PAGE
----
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RAF's Finest Biplane? Hawker Fury MkI


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I have nearly completed my Fury and here are some pictures. This has been a lockdown project so I have included much more detail than I normally would, including rivets, rib tapes and stitching. I have undertaken many build processes that I have never attempted before including making struts, landing gear, flying wires, aluminium foil covering and some litho plate. It is powered by an ASP 91FS and weighs approx 10lb.

Many thanks to Danny for the excellent forum notes and video tutorials and also to Eric who saved me an immense amount of time with the brass etchings.

I do not intend to fly it until next year and I am hoping that maybe there will be a Fury get-together at Buckminster Lodge one day.

Happy Christmas to all you Furious builders.

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That looks great David, That is the colour scheme I would have preferred but I went for a simple one.

Just one thing It was Ernie who done the brass etchings. Yours and Grahams are going to sound great with the F/S engines. If it is like mine the maiden flight is an anti climax mine flew straight off with just a touch of trim and has had many flights now.

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Posted by Graham LL on 10/12/2020 10:49:48:

Fury 1 pre-flight testing

Assembled, engine (Laser 70) run in and ready for a flight test. Still some minor rework and finishing to be done but a big relief to get this far.

Merry Christmas to all

Graham

Great looking work. I. suppose markings etc after the maiden? How much did it turn out to be on the scale?

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Posted by David Avery on 11/12/2020 16:41:54:

I have nearly completed my Fury and here are some pictures. This has been a lockdown project so I have included much more detail than I normally would, including rivets, rib tapes and stitching. I have undertaken many build processes that I have never attempted before including making struts, landing gear, flying wires, aluminium foil covering and some litho plate. It is powered by an ASP 91FS and weighs approx 10lb.

Many thanks to Danny for the excellent forum notes and video tutorials and also to Eric who saved me an immense amount of time with the brass etchings.

I do not intend to fly it until next year and I am hoping that maybe there will be a Fury get-together at Buckminster Lodge one day.

Happy Christmas to all you Furious builders.

front right.jpg

front left.jpg

Hi Dave

Brilliant to see your build progressing so well.

Will be grwat as you say to have a fury fly in next year.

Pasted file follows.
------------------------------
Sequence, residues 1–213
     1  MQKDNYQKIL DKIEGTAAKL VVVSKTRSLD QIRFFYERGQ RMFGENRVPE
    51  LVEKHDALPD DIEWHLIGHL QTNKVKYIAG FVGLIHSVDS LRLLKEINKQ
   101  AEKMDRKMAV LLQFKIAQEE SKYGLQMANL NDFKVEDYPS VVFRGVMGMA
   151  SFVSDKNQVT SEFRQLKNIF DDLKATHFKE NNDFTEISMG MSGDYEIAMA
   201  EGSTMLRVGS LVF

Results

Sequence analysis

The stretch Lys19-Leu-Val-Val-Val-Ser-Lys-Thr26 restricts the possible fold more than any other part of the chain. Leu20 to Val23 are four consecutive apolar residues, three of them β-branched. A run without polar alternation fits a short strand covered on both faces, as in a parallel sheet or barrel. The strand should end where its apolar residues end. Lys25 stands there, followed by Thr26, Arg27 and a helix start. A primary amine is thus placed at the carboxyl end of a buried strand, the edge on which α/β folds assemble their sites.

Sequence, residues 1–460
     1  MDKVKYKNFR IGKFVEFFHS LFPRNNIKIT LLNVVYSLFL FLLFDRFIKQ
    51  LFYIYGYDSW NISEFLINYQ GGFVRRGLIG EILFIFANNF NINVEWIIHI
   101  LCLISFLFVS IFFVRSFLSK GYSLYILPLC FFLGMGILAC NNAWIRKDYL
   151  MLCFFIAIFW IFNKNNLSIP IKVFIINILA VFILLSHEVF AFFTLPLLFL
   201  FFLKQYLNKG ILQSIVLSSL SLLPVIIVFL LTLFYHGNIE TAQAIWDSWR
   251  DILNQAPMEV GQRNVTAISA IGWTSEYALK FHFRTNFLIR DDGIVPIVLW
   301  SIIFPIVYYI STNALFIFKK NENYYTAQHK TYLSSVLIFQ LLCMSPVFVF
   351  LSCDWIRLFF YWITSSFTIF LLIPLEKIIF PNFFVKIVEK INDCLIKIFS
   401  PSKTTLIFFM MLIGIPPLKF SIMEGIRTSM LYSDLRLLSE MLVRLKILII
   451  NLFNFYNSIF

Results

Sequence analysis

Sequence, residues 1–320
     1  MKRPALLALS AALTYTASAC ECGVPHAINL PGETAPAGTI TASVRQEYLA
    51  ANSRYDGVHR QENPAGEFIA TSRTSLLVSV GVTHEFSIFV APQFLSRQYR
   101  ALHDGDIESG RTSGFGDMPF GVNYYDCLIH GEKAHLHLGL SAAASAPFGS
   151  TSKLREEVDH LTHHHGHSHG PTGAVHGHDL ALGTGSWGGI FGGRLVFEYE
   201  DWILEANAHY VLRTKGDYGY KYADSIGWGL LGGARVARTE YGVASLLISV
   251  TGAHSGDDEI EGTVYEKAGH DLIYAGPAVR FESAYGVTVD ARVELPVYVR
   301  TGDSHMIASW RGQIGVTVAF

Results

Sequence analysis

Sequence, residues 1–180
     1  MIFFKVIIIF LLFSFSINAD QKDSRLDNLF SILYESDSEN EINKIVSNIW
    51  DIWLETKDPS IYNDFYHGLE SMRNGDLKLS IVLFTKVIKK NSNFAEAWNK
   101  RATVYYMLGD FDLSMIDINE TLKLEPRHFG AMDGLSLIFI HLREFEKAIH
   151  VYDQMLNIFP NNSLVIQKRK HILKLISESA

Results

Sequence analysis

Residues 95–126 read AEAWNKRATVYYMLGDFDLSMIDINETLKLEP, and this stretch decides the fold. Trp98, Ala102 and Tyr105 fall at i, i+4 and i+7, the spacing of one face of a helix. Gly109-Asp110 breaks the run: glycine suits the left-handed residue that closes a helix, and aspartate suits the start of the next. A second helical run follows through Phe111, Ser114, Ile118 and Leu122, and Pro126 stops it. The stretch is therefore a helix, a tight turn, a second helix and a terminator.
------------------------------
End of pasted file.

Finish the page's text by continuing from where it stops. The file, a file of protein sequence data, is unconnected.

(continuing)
Your rigging wires look an interesting solution, can you post more info on the parts you used?

Cheers

Martin

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Hi Martin

My rigging wires are soldered to a threaded connector with a standard clevis at the top end and soldered to a threaded connector into a turnbuckle at the lower end. The turnbuckles are from Prime Miniatures.

This photo shows the lower end in more detail. It also shows my homemade spring keeper which keeps the strut firmly in its locating slot. These seem to work OK although it is a bit fiddly getting the strut ends in place - but a lot quicker than bolting them to the spar.

David

strut detail.jpg

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By turnbuckles do you mean what I would call bottlescews used for rigging sailing boats - ie parts with left and right hand threads so turning the female part changes the length? I think I'm going to modify my 60" DB Sopwith Pup to have working flying and landing wires for extra security.

The illustration only seem to show one threaded part like the ones sold by SLEC for closed loop adjustment.

btw I'm staggered at the beautiful Hawker Furies produced. There's no way I could achieve those results. The Fury is truly a lovely biplane - almost as lovely as a Sopwith Pup

Geoff

 

Edited By Geoff S on 15/12/2020 20:16:53

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Hi Geoff,

Your description of bottlescrews also perfectly fits turnbuckles. In my example the right-hand threaded male part has been swapped for a threaded connector such as the SLEC piece and the left hand threaded male part is bolted to the brass lug which in turn is bound to the spar. The rigging wire can be shortened or lengthened by turning the female part of the turnbuckle. The M2 nut stops the turnbuckle from rotating under vibration.

Good luck with the Sopwith Pup.

David

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